The scandalous group Adler: No Questions, No Answer – Economy

After exactly 20 minutes and 20 seconds, it’s over. The management of the scandalous development group Adler read its statements via a video stream. This ends the virtual general meeting. Fraud allegations, trouble with auditors, panic among investors – was there anything? “As planned”, the statement by the Luxembourg-based group merely stated that shareholders had confirmed the board of directors and adopted all proposed resolutions.

Not a word about the debate. There was also. All questions to the head of the board, Stefan Kirsten, and his people had to be submitted a few days ago and were answered in writing. The document is only four pages long and has a total of eight points.

It would be enough to talk about it: Adler’s share, in part S-Dax, is plunging back to a record low again, the S&P rating agency now classifies every investment in the group as “extremely speculative”, creditors now prefer to sell bonds at a large loss rather than continue living with Adler risk, auditors from KPMG first refused to certify the last balance sheet, and then the group continued cooperation, and the financial regulator Bafin now also wants the 2021 balance sheet of the German subsidiary Czek Adler Real Estate for dirty business.

More real estate sales are approaching

The problems do not end with the billing, but at the construction sites: many of the new construction projects from the Consus subsidiary have apparently practically died out. In Hamburg, Berlin and Düsseldorf, huge areas have been idle for years, promised apartments are not finished, municipalities and investors are discouraged, and craftsmen are not being paid, according to NDR research.

But Adler is silent about this.

“Our goal is to fully restore confidence,” says Kirsten. The target for the current year is still an unconditionally confirmed balance sheet. However, it is unclear who should test this. Only at the very end does Kirsten admit that Adler will likely have to consider selling other properties to service any liabilities. Of what used to be around 70,000 apartments, only a good 27,000 are still owned by the group.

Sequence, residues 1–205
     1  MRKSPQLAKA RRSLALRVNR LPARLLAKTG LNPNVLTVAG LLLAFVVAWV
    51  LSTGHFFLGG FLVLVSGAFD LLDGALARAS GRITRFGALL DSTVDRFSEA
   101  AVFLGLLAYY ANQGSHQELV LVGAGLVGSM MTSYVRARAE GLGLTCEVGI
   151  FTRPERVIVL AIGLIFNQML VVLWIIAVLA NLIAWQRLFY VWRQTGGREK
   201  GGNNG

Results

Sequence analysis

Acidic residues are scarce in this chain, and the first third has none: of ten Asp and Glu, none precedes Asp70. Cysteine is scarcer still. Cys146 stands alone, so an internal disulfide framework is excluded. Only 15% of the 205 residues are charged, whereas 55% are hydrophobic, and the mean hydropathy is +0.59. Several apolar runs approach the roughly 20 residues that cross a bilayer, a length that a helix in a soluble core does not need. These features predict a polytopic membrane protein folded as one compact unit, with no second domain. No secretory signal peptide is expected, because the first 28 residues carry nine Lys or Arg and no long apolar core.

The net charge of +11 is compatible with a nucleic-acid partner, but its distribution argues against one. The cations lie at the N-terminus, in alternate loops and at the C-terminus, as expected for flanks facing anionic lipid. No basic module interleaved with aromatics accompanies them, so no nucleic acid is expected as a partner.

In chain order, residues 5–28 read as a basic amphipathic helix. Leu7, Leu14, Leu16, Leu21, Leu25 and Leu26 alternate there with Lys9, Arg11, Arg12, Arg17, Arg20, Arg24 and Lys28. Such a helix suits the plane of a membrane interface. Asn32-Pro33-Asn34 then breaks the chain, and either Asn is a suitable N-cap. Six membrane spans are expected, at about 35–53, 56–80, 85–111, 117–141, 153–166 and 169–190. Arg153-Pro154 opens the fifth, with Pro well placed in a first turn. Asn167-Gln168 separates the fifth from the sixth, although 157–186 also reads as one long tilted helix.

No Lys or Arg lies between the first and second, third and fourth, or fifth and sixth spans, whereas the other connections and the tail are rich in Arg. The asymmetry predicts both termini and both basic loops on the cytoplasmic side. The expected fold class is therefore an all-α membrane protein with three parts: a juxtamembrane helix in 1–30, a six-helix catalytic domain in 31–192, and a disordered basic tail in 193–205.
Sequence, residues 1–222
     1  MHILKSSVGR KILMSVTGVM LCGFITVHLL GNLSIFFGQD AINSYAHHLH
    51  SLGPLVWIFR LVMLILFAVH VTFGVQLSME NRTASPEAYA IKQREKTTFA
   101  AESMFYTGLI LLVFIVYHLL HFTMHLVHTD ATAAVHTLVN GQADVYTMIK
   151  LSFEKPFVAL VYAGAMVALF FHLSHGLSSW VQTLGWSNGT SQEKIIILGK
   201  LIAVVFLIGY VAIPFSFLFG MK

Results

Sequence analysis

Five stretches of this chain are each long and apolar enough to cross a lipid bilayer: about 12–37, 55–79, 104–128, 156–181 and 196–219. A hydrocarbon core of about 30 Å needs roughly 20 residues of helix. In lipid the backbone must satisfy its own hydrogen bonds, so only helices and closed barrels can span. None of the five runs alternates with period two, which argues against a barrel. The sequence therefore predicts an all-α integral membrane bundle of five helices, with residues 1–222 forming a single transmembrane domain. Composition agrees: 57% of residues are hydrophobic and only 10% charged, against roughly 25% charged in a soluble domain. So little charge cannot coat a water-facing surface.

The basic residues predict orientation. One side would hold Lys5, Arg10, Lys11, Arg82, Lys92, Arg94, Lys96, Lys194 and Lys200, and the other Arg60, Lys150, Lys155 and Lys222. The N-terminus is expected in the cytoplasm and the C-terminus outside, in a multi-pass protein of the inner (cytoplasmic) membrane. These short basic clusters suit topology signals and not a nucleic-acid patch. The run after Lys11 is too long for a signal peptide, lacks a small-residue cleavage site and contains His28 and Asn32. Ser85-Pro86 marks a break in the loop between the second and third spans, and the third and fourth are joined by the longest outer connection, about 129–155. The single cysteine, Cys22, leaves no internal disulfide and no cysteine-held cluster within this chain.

Adler barely manages to rebuild his confidence after serious allegations

The well-known short seller Fraser Perring has started a crisis. A report released by his analyst firm Viceroy in October last year contains serious allegations: there is talk of overvalued real estate and secret transactions in the company’s network. According to Perring, the beneficiary is a network centered around Austrian businessman Cevdet Caner, which would harm shareholders and creditors.

Adler and Caner have always denied this, but investors believed the Briton – although he is by no means a neutral expert, but he makes money by betting falling prices. As a result, Adler felt compelled to entrust KPMG with a special review of the allegations and to include real estate expert Stefan Kirsten in the group as the new strongman.

On the very first day, he promised absolute openness and transparency. “Confidence building” has since become part of his mantra. Only: it doesn’t quite work.

For example, KPMG’s auditors were unable to counter the allegations – largely because the group retained around 800,000. documents requested for verification. Kirsten justified this with legal issues and an obligation of confidentiality. An argument many observers could not quite follow.

And even in the run-up to the annual general meeting, one thing was about transparency. Shareholders had to address their questions to the board by June 21, but it was only after that the group announced a far-reaching restructuring: the remaining minority shareholders in the subsidiary Adler Real Estate are to be forced into a settlement, the company removed from the stock exchange, as well as the developer of the Cons. In addition, around 1,400 apartments were transferred from the parent company to a subsidiary, with an estimated value of EUR 326 million. Creditors now fear that the amount may be too high and that they may be harmed in an emergency.

But the shareholders could not say anything on this subject either. “It all fits the picture,” says Carola Rinker, balance sheet expert at the Investor Protection Association (SdK). This is “shocking”, but it shows how virtual general meetings are abused: “An exceptional situation is being exploited to the detriment of shareholders.” Incidentally, as usual, shareholder defense lawyers were also prevented from speaking.

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